Most Masternodes have no awareness, while relaying DASH transactions, of the identity of the users involved, the ultimate destination of users’ funds, or any other circumstances of DASH transactions. As such, it would be difficult for a prosecutor to demonstrate that a Masternode operator who facilitated an illegal transaction merely by relaying the transaction would have a culpable mens rea.
Even if someone is not the principal actor in the commission of a crime, that person can be secondarily liable for their involvement in it. As such, we are sometimes asked whether Masternode operators, by their involvement in relaying DASH transactions, could be “aiding and abetting” or “conspiring” to commit a crime that might involve DASH. Generally speaking, aiding and abetting requires that the defendant (i) seek by his action to make the crime succeed and (ii) act with the same mens rea as required for the principal offense.
No matter the requisite mens rea of a particular principal offense committed by a DASH user, it is unlikely that a mere Masternodes operator, without more, could be found to have “aided and abetted." To be sure, the Masternodes do provide assistance in the principal offense – in that Masternode action is required to process all DASH transactions. However, the Masternodes would not have the requisite mens rea to satisfy the requirements of aiding and abetting liability. Masternode operators have no readily available information about the purpose or consequences of users’ DASH transactions, or even the originating identity of the sender of funds. As such, so long as a sufficient diversity of non-criminal transactions occur on the DASH network, they would not harbor even the least culpable mens rea (i.e., negligence) with respect to a user relaying or receiving DASH in furtherance of a particular crime.
“Conspiracy” liability is even less likely. Conspiracy generally requires i) an agreement to commit a crime, ii) knowledge of the unlawful purpose of the agreement, iii) intent to further the unlawful purpose, and iv) an act in furtherance of the conspiracy. None of these requirements are met by mere Masternode operators.
Exchange Liability for Supporting DASH transactions
Exchanges have asked whether they can be held liable for criminal activity connected with DASH private send transactions.
The Bank Secrecy Act (BSA) is the law that primarily governs exchanges in the United States. The BSA does not contain any prohibition on supporting DASH transactions. Indeed, the BSA take a flexible, risk-based approach to regulation and contemplate that financial institutions will enter into lines of business with new risks. This risk-based approach requires, at the outset, an independent risk assessment. By and large, the risks faced by exchanges who begin to support DASH will be similar to the risks associated with other virtual currencies. One significant difference concerns private send transactions, and we focus on this difference below:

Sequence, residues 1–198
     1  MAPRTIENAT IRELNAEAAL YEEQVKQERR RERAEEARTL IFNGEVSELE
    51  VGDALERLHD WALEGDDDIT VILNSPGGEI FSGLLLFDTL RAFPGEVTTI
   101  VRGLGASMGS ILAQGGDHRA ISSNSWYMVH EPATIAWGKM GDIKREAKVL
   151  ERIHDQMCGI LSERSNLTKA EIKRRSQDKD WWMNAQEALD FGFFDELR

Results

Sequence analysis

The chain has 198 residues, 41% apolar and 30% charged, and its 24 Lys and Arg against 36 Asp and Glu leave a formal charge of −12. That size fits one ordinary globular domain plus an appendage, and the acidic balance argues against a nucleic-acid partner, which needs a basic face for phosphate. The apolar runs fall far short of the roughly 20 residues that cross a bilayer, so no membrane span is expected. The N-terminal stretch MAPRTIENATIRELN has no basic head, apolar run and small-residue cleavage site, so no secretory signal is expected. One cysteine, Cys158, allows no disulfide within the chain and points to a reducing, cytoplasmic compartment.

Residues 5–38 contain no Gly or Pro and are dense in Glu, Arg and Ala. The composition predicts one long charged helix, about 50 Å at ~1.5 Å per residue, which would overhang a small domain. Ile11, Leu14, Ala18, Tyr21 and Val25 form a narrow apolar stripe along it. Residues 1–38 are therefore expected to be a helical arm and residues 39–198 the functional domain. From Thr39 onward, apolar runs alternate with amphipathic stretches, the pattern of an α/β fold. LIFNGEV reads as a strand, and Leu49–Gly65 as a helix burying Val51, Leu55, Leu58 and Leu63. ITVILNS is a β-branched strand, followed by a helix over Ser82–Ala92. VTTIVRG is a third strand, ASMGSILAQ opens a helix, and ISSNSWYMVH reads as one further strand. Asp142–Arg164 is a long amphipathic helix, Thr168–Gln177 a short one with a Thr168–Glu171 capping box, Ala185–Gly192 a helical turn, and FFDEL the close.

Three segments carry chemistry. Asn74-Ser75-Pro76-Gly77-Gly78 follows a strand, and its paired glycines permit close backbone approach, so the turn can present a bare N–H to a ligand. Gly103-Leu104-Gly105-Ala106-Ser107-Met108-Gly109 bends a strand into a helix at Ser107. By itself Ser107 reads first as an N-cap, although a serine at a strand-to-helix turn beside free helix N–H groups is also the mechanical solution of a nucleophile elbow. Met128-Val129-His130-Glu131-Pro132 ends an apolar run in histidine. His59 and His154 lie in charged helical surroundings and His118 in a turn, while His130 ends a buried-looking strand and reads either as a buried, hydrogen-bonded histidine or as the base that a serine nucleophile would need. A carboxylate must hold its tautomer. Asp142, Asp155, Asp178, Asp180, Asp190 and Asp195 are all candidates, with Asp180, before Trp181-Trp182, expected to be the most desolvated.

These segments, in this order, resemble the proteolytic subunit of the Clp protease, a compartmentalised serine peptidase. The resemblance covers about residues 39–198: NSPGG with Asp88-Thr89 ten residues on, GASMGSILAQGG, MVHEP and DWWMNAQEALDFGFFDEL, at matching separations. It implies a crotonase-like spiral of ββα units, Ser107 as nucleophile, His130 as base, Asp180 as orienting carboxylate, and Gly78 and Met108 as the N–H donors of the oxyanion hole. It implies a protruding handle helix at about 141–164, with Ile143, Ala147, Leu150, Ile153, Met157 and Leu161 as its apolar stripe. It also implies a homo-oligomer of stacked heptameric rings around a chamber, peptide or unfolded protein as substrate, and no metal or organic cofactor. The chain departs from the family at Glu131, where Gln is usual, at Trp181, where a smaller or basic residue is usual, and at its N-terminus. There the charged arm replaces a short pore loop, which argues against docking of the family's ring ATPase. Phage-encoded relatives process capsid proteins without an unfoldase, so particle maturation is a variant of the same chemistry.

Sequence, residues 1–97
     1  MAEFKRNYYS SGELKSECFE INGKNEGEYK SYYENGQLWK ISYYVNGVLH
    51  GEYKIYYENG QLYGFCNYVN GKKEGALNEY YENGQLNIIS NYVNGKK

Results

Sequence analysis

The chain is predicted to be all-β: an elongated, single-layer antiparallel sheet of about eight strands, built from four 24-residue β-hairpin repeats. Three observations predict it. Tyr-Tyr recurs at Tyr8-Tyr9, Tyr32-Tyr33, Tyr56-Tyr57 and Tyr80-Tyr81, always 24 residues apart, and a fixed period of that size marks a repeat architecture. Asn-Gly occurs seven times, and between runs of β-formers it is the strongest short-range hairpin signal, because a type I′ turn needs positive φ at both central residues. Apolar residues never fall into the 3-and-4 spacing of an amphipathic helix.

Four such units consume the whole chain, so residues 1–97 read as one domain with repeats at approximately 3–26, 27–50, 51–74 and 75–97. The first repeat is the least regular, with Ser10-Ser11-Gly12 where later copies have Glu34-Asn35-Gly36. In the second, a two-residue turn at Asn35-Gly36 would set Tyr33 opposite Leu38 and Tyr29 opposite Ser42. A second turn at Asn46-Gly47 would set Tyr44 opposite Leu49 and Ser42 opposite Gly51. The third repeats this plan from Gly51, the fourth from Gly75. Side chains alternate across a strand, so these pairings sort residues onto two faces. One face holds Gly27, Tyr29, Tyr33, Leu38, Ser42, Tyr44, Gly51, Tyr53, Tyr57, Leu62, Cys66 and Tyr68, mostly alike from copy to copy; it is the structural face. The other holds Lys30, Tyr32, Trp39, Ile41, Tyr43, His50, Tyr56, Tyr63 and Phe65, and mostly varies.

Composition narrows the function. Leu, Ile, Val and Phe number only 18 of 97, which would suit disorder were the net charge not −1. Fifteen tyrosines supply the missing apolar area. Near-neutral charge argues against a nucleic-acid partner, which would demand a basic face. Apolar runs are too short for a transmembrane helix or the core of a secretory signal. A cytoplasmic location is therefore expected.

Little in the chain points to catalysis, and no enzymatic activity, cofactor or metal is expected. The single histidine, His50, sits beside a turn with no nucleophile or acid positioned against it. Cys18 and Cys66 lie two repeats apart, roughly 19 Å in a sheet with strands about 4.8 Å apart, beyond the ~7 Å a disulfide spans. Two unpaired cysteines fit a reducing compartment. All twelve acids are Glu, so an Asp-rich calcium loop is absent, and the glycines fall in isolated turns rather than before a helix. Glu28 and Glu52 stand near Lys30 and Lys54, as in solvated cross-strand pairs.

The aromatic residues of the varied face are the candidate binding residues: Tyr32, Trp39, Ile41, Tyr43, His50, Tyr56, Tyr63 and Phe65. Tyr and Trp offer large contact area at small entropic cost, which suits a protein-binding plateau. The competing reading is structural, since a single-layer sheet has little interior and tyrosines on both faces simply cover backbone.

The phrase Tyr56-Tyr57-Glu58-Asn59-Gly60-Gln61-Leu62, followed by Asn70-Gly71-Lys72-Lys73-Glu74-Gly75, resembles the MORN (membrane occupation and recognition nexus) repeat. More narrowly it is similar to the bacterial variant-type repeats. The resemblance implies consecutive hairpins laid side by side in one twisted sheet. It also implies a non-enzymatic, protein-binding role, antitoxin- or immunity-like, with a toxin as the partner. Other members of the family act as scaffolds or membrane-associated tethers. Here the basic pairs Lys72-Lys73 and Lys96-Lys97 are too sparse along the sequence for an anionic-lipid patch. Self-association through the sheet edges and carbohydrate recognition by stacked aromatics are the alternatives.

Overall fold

- Private send transactions obfuscate the source and destination addresses of funds, thus blockchain forensic techniques like clustering analysis may be less effective. To the extent that exchanges rely on such Blockchain forensics tools for their information collection, reporting and reporting obligations under the BSA, they should consider alternative means.
- Private send transactions are used for legitimate purposes and are often required to achieve personal or commercial privacy for sensitive transactions. The use of private send transactions is not inherently suspicious. Combination with other factors, including those identified in the exchange’s own risk assessment, may raise private send transactions to the level of suspicious activity.
- Exchanges should consider revising their risk assessments and AML policies to account for the unique characteristics of DASH. For example, including blockchain addresses in Suspicious Activity Reports (SARs) will be less descriptive and effective for investigations based on such addresses. Exchanges might consider adding additional context and explanation in SARs.
- When conducting Enhanced Due Diligence on customers and transactions, exchanges should account for the presence of private send transactions and update their AML policies accordingly. For example, identifying counterparties to a private send transaction may be more difficult than identifying counterparties to transactions in other virtual currencies when relying on blockchain forensics.